HAYET, Louis
(b. 1864, Pontoise, d. 1940, Cormeilles-en-Parisis)


French painter and writer. He was the son of a dealer in stained glass and other decorations in Pontoise. He was largely self-taught and initially earned his living as an itinerant painter-decorator. In 1881 he met Lucien and Camille Pissarro while painting landscapes near Pontoise and through them met Paul Signac in 1885 and Seurat in 1886. After a year's military service at Versailles, Hayet moved to Paris in the autumn of 1887. There he began to apply to his paintings Eugène Chevreul's theories of colour contrast with which he had become familiar by 1881. A gifted watercolour painter, he also experimented with the ancient technique of wax encaustic, painting on a prepared cotton that allowed light to filter through. The paint surface of works such as The Grange (private collection) retains a vivid tonal freshness, while the subject of crowds of peasants gathered before the Paris agricultural market reveals a debt to Pissarro.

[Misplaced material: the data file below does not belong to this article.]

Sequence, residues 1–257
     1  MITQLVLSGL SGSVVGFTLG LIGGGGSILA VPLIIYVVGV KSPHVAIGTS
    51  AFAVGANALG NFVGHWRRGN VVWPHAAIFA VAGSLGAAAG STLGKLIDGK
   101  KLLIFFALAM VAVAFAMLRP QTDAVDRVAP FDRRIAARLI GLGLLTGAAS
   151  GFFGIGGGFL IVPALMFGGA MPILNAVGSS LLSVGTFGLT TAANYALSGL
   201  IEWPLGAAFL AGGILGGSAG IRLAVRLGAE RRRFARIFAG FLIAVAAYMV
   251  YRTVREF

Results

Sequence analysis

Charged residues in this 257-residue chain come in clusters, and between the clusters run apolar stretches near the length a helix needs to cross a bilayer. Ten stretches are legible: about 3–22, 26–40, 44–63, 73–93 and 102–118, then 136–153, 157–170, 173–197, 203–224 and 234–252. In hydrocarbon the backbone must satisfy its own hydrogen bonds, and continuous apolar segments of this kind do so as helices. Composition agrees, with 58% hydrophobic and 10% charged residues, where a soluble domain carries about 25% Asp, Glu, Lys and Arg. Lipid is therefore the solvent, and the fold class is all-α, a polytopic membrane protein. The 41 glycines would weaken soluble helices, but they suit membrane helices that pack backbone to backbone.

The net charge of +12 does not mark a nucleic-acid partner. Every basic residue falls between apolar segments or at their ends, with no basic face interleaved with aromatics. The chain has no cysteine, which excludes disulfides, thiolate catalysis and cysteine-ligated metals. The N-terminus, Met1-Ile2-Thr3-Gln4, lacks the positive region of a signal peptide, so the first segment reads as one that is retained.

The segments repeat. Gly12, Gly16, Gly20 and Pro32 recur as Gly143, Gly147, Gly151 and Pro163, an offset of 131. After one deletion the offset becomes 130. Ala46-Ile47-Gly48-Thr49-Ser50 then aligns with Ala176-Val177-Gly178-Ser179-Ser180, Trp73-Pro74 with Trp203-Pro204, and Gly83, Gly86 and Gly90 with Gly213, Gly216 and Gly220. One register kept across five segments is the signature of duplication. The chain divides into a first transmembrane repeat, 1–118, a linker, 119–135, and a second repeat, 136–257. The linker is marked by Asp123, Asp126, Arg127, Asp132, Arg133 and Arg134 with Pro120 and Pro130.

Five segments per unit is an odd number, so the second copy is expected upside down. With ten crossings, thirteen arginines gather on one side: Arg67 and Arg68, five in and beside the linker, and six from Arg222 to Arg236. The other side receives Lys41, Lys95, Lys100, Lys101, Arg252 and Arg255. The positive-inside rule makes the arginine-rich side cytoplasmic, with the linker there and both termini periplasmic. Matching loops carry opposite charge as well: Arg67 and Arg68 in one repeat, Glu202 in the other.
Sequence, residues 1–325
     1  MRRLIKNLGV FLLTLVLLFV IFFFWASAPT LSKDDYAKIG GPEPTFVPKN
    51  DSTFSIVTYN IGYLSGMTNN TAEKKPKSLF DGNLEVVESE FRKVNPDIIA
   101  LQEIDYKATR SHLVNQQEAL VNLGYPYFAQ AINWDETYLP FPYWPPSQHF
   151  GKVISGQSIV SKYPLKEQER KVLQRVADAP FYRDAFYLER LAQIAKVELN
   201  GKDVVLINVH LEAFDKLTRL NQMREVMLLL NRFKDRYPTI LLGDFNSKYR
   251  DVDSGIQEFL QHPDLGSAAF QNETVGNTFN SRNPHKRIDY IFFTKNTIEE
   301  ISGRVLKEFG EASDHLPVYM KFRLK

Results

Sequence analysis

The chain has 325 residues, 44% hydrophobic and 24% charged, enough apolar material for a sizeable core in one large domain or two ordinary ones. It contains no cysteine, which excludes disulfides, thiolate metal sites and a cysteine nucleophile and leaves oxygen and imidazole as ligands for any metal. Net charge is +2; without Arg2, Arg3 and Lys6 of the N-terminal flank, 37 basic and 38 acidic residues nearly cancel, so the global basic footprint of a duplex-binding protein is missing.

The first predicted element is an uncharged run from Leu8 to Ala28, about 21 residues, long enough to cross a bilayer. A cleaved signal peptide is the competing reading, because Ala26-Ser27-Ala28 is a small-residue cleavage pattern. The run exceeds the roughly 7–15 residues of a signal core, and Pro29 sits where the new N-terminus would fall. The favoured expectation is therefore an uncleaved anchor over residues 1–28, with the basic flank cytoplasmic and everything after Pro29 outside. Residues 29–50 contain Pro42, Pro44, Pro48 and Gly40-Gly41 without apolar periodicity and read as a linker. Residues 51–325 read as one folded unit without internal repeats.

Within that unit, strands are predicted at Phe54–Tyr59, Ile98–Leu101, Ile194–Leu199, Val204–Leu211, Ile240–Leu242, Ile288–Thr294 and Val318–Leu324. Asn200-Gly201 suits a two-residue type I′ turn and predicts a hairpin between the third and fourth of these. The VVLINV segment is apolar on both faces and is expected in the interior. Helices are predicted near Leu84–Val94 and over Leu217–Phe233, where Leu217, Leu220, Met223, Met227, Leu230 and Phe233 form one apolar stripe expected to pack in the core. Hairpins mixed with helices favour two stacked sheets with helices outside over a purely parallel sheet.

In 1889 he exhibited at the Salon des Indépendants. Between 1894 and 1897 he took part in the exhibitions of the Impressionists and Symbolists at Le Barc de Boutteville. To secure a regular income, he also worked as a theatre decor painter. In the 1890s he gave up his Neo-Impressionism in favour of a more conservative style.

In 1924 he published his auto-biography and in 1925 an essay on art.

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